The Ferndale Pub Crawl is historically important in the modern story of Ferndale: Making the city more popular, wealthy and socially-endearing. Craig regaled Ferndale Friends with the history of the Pub Crawl, its impact on the city and its uncharted future.

“Before Ferndale took off in its renewal back in the early 1990s, there were only a half dozen bars downtown. Gays and lesbians began to move into the city in growing numbers, along with a few artists, musicians and other younger residents. A group of us in the gay community tried and failed to pass a gay rights ordinance through the city council in 1991. Later on, residents formed a gay residents association called FANS of Ferndale, which stood for “Friends And Neighbors.” FANS had three goals, which included increasing social activities for our community, civic engagement with the city through community service and volunteerism, and political activism from the gay and lesbian residents.

“We created the first pub crawl in 1997, and had about 35 people traipse around to all six or seven of the bars downtown, including Rosie O’Grady’s, Sneaker’s, Danny’s, Como’s, Tony’s and Doug’s Body Shop. We had so much fun we decided to make it an annual event. By 1999, we had straight people joining us, more bars opened like the Post and WAB, and we began raising money for charity.”

The annual pub crawl rapidly became a “thing” promoted by the whole city including the DDA. As new bars and clubs opened, like the Post and Club 9, they joined the crawl and the attendance grew every year. Traditionally the mayor of the city always sent off the packs of crawlers, and by 2009 the event was drawing 2,000 participants, more than 20 stops were included, and tens of thousands of dollars was raised for a variety of charities such as the Ferndale Community Foundation, the Ferndale Police Auxiliary, and the Midwest AIDS Prevention Project. The event was always the last Friday of July, and for many pubs it became their biggest night of the year. It was attended by chamber officials, city council members, and even city staff.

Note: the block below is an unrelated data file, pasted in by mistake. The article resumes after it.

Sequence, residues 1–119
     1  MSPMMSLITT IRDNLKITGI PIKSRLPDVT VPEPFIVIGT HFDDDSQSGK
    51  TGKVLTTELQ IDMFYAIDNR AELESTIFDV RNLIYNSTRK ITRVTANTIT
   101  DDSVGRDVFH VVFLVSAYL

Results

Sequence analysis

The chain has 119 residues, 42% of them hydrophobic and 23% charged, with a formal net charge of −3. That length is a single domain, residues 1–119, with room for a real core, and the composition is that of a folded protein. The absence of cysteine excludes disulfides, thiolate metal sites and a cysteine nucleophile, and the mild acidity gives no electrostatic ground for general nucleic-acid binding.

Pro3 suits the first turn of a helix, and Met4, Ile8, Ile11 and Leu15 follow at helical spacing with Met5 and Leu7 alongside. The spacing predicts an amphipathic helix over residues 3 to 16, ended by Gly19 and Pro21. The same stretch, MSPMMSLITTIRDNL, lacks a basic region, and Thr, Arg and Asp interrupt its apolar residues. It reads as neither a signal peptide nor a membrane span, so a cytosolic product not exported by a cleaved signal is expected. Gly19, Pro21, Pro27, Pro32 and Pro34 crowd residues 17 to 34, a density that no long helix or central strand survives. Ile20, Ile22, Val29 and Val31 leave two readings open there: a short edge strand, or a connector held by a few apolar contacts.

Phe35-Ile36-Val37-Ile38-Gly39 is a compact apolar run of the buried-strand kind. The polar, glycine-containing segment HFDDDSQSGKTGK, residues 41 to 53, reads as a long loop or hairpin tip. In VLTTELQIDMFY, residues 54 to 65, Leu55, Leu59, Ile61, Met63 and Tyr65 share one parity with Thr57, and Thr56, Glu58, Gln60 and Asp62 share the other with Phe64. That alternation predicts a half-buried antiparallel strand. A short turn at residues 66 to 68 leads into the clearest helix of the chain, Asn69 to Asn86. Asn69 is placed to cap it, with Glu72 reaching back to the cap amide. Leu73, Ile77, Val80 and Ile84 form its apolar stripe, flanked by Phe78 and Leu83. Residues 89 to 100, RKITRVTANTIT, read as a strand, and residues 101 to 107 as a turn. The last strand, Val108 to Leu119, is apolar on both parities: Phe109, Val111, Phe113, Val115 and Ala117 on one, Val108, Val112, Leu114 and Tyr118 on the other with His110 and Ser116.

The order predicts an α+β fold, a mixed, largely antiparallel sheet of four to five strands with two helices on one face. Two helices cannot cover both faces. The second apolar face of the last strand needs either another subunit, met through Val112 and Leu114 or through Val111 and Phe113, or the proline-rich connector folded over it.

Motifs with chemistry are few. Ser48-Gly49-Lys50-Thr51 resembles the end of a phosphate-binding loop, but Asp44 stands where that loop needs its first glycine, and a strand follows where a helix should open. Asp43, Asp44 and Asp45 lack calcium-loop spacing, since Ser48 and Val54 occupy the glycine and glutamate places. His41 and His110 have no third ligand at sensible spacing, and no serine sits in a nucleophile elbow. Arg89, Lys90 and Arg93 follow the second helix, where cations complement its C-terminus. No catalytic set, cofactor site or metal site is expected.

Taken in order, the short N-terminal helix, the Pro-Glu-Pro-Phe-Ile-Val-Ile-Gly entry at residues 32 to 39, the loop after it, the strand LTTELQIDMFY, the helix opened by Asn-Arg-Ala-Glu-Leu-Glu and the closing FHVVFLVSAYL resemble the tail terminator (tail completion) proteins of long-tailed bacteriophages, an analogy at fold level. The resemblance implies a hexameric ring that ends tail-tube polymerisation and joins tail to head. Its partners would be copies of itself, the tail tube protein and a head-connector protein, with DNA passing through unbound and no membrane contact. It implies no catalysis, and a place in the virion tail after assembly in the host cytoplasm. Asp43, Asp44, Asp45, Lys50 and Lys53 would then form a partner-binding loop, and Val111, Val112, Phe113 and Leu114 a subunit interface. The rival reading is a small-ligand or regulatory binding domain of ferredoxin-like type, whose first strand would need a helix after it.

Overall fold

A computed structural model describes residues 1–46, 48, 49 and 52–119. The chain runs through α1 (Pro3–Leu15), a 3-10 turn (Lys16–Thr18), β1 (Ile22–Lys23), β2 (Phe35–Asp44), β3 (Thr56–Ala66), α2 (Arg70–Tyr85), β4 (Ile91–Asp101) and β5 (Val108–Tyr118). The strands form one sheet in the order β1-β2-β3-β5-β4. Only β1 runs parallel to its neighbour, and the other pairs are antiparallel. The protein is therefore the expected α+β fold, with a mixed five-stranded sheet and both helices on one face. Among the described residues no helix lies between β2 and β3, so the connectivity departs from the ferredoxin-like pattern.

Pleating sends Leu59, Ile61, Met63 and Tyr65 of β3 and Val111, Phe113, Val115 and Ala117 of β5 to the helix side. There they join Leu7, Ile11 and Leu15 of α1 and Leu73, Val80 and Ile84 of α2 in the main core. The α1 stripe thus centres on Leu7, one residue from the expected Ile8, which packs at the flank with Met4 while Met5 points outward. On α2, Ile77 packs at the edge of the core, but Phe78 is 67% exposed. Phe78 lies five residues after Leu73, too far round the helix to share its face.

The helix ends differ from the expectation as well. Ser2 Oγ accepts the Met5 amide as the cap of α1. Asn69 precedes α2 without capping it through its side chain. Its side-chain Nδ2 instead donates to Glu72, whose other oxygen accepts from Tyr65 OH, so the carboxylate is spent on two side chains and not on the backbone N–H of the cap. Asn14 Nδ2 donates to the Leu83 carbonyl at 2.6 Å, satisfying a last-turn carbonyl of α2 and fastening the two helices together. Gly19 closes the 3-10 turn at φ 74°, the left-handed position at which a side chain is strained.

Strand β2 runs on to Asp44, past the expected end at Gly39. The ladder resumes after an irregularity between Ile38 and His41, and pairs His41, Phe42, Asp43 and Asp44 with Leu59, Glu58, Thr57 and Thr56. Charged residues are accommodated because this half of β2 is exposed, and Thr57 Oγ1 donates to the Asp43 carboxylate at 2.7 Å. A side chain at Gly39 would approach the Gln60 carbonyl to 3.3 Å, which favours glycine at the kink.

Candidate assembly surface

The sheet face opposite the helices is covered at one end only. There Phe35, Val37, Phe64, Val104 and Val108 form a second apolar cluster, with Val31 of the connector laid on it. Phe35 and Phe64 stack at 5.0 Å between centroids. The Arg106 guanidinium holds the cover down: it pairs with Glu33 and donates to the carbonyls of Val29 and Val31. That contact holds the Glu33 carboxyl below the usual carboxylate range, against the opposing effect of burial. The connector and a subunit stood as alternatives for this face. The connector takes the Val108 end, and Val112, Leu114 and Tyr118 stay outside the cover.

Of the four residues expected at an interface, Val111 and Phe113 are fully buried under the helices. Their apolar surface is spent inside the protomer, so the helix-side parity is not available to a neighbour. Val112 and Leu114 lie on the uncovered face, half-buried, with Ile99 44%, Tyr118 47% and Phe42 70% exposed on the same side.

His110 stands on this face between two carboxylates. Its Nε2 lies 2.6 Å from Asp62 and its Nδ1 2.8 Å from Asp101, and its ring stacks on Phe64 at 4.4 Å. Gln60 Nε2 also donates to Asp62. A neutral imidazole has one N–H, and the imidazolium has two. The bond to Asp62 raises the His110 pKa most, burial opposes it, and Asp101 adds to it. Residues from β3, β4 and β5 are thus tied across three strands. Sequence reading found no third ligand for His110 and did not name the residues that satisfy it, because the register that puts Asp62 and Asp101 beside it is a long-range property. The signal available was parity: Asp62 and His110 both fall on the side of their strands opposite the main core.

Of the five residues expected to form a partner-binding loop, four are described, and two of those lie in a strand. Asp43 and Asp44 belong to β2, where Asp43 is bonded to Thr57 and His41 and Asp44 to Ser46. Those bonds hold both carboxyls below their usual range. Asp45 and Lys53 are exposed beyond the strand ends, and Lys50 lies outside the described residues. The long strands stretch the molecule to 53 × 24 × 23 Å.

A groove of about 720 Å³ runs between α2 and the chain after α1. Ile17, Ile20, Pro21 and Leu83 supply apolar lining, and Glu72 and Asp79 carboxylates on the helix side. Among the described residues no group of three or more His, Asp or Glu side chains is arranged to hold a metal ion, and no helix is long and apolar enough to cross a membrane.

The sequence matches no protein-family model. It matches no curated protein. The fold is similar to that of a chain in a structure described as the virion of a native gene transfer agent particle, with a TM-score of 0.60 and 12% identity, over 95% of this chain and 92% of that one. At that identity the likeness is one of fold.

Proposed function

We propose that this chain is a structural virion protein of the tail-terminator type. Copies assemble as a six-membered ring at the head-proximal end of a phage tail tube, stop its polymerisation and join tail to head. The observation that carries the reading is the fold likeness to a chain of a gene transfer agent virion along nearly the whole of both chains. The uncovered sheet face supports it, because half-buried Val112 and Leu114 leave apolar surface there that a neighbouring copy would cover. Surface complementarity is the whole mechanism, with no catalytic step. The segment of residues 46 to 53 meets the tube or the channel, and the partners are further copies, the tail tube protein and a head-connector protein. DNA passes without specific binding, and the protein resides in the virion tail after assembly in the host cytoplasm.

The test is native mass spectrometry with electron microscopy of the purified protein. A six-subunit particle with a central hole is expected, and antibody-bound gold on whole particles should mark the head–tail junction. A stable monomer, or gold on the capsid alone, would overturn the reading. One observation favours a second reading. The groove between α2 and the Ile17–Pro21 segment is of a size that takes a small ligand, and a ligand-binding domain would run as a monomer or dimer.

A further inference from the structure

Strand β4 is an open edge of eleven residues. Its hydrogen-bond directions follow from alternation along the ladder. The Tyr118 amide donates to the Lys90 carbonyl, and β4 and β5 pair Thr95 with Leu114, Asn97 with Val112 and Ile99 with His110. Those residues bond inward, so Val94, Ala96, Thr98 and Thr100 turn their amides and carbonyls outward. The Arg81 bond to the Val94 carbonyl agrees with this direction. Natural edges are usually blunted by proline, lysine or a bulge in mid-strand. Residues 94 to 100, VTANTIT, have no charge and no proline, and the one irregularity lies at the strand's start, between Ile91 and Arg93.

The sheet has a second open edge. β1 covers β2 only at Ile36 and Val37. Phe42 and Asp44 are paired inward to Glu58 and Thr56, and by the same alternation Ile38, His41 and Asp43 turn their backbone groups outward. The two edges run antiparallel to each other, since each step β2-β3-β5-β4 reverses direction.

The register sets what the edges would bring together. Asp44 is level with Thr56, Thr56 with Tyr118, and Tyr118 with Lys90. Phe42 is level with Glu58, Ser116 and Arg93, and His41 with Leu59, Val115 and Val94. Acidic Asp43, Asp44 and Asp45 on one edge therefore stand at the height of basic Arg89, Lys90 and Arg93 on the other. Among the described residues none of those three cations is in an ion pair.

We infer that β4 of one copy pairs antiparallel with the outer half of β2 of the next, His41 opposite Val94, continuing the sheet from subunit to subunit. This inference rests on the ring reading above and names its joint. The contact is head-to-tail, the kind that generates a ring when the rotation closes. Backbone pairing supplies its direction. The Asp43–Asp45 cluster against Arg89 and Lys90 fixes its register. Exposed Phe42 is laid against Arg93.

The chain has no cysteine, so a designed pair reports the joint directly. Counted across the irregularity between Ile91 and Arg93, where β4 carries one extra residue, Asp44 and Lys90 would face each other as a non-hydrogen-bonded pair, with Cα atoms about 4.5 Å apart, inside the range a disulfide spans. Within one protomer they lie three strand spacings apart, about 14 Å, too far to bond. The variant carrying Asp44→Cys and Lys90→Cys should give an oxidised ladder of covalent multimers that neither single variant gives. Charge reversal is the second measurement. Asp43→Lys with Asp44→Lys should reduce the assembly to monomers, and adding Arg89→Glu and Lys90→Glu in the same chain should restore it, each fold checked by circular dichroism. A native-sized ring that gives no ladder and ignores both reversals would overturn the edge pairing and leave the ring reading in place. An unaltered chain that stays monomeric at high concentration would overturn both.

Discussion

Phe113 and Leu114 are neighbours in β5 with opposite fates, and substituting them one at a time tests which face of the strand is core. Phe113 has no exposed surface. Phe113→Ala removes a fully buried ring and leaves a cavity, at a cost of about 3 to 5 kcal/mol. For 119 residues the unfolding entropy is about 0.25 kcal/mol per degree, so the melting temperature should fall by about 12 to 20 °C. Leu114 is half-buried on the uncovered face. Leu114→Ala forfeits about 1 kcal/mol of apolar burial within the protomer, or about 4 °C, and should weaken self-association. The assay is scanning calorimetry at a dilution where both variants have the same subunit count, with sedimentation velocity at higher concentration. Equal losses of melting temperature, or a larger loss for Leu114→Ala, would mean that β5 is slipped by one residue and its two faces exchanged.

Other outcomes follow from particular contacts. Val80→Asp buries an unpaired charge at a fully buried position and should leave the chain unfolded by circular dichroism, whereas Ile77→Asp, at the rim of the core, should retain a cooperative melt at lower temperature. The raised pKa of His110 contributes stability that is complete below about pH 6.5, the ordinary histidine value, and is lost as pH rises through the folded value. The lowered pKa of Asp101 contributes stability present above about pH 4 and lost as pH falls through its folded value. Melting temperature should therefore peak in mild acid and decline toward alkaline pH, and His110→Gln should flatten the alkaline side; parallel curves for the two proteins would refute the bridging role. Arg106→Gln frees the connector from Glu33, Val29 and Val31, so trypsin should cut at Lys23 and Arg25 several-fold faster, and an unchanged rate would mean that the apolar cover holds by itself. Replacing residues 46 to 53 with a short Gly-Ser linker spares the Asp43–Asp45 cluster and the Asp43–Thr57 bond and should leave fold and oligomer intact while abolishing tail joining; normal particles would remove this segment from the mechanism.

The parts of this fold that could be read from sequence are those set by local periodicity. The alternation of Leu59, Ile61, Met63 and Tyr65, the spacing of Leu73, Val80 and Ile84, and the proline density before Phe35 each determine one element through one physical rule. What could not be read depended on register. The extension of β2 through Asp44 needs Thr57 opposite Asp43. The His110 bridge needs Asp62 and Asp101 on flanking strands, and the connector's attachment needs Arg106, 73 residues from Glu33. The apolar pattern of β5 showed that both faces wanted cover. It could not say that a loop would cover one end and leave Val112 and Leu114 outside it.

As changes came to the city, the charities and the businesses downtown went through change, and over the past six or seven years the annual pub crawl growth began to level off and then decline. Many of the new bars and restaurants chose not to join the event, and several of the original clubs stopped participating and instead began promoting more corporate events such as DIY Street Fair and Pig & Whiskey. As the city continued to gentrify, and support from the city establishment lessened, there was not as much interest in the traditional, grassroots-organized events that raised money for local charities.

“The annual Gay Pride Festival seems to be strong, and has new leadership and corporate buy-in. The annual Blues & Music Festival should also continue under new leadership. But the Ferndale Pub Crawl is at real risk of ending. After 20 years, it may just be a victim of its own success. Also, designed to promote the downtown and walk-ability, maybe it has successfully finished its tasks and accomplished its goals.

“Monica Mills and I announced a year ago that we were not going to manage the event after 2016. So, unless new, younger folks decide to make it happen, then at least that iteration of the pub crawl is done. We raised a quarter million dollars for charities and had a whole lot of fun. The city is now popular, walkable, inclusive, and has more than its share of bars and clubs. And the LGBTQA community got our social outlets, civic visibility, and political recognition.”